But it’s true.  The mere fact that you sit down in front of the keyboard several times a week and need to come up with something to say…it makes you think about it.  That’s part of why I wrote about going through some changes on the blog recently.  I really enjoy the writing, and it bothers me that I didn’t put enough effort into in the past.  I intend to correct that going forward.  I can do better.  More importantly, I want to do better.

5) It’s a great way to meet people.

If you are like a lot of photographers that I know, you started by sharing your images on Flickr, and over time you developed virtual friendships with some of your contacts there (more on that in this article).  But it wasn’t until I started blogging (and they did too) that I really started to feel like I was getting to know these people.  In some cases, I have met these folks in real life, and they are awesome.  I consider them friends now, not just “contacts”.  

Some I know through their blogs instead of somewhere like Flickr, and I feel like they are friends too, even if I haven’t met them in person yet.  But whenever I travel somewhere and know of a “contact” that lives there, I try and reach out and see about meeting up.  It’s always great to make that human connection.

I’ve met IRL (in real life) with “photo friends” in Austin (you would think that is easy, since I live here, but it’s not really), San Antonio, Portland, Denver, San Francisco, Nashville, London and even Bratislava.  I always enjoy the real life connection and interaction, and it’s rewarding to learn about these people after “getting to know them” through their blog.

6) You will likely get some interesting offers.

While this can be a benefit, I want to be clear that this is not what I started this blog for (and frankly, never expected it to happen).  I just wanted my own little space that I could put my own stamp on.  When somebody offers me an interesting opportunity, I am always surprised.  Me?  Really?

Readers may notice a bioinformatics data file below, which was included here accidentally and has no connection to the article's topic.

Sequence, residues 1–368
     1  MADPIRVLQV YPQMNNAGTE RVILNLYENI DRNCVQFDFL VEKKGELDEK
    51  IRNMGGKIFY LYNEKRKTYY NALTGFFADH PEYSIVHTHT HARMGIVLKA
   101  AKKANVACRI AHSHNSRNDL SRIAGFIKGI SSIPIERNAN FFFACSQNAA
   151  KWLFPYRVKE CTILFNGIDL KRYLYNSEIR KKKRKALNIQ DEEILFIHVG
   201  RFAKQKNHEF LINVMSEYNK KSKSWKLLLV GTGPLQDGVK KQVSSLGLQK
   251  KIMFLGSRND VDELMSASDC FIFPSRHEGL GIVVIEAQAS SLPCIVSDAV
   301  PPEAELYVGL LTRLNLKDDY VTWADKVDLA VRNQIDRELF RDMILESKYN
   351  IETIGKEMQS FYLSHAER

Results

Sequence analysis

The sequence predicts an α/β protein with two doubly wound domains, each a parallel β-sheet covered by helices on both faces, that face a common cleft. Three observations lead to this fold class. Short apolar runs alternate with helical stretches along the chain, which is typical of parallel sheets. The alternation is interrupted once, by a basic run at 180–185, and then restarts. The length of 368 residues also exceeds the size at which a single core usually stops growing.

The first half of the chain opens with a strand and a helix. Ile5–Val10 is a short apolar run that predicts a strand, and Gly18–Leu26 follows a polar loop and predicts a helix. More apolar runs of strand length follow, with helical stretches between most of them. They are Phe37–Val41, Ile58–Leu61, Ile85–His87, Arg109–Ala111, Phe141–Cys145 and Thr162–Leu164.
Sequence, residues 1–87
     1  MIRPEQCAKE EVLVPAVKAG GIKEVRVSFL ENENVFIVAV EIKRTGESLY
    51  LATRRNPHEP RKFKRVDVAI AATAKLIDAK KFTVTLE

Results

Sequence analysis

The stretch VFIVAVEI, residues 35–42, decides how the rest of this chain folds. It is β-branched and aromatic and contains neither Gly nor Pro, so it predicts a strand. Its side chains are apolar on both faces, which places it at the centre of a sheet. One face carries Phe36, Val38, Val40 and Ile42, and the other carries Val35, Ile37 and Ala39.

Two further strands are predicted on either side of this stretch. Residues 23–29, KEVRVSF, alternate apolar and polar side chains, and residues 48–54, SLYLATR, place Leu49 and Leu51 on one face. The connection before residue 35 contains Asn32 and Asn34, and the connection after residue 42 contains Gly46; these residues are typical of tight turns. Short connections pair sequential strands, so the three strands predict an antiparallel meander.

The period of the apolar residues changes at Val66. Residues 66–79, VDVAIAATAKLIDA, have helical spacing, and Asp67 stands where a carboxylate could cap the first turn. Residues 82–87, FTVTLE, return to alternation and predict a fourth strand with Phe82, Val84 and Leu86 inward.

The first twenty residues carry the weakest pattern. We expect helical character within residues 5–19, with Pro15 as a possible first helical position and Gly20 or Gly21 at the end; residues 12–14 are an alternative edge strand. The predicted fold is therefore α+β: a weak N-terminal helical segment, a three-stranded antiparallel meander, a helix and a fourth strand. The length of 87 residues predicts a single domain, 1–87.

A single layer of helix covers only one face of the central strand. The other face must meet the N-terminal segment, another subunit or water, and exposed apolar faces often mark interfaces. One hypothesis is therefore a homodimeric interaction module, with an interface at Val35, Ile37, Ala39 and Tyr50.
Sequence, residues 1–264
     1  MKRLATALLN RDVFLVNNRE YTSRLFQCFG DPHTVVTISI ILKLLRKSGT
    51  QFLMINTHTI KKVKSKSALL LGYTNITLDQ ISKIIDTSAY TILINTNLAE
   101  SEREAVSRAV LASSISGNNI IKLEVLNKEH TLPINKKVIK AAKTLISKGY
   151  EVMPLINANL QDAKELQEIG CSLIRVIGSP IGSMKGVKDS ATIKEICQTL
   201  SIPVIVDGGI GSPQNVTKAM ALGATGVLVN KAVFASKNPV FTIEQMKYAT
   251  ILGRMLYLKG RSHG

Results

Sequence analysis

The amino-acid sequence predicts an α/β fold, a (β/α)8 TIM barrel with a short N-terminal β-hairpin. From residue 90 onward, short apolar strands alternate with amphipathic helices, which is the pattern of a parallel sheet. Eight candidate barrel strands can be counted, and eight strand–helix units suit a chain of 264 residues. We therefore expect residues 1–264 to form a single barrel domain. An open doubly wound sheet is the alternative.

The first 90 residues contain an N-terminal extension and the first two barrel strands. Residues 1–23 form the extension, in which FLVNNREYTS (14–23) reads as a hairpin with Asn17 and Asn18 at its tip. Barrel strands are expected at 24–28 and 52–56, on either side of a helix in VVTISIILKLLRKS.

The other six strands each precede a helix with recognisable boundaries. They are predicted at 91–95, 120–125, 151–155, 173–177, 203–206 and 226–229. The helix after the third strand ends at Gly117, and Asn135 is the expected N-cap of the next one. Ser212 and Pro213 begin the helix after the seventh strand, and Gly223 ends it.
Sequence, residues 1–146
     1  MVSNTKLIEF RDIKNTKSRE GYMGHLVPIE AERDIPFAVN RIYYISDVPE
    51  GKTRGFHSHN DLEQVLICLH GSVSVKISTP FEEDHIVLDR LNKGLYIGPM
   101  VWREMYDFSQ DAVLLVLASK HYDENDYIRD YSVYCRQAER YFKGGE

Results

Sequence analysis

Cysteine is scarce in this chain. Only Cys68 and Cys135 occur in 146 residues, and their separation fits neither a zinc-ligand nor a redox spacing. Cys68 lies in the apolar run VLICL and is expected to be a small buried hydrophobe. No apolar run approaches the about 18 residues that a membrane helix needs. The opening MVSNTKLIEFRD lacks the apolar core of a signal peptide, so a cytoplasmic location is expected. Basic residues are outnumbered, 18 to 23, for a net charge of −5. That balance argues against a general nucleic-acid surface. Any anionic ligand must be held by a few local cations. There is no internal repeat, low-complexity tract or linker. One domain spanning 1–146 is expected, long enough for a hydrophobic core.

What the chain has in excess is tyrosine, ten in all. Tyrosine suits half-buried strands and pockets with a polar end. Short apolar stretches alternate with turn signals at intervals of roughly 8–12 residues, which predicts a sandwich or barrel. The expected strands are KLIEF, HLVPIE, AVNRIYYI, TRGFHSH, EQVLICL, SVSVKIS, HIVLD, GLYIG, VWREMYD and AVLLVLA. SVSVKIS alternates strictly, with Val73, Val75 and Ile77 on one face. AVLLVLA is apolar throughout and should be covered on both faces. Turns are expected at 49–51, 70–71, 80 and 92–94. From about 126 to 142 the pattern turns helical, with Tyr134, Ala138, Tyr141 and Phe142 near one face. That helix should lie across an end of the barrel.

Well it has happened.  There have been some small things like free software and free hardware (nothing big, mind you – but things I have used, loved, and in some cases still use).  There have been a lot of requests for product reviews in exchange for free use of said product.  I have only done this once, and I didn’t feel very good about it, mostly because I wasn’t a big fan of the product.  My time is valuable and limited, and I don’t want to feel like I am getting bought, simply put.  

I have gotten many requests to review an app for this or that in exchange for a free copy of the app.  While I am willing to do something like that if I felt like it was the right app for me or my readers, I haven’t yet as I haven’t heard from any that I really thought I would use.  Even if they are really cool, I don’t want to waste anyone’s time, least of all mine.

And there have been a couple of bigger things, such as exchanging photo usage for hotel stays.  That one I am a big fan of.  :-)

This is not to say these things will happen to everyone, or that it will ever happen to me again, but the point is that once you get yourself out there and build up some sort of recognition, interesting things begin to happen.  It’s all very flattering, actually.  But more than that, it is a reinforcement that you are doing something that is beneficial and helpful to others, and that people are listening.  Why else would a company want your support, other than to reach your readers?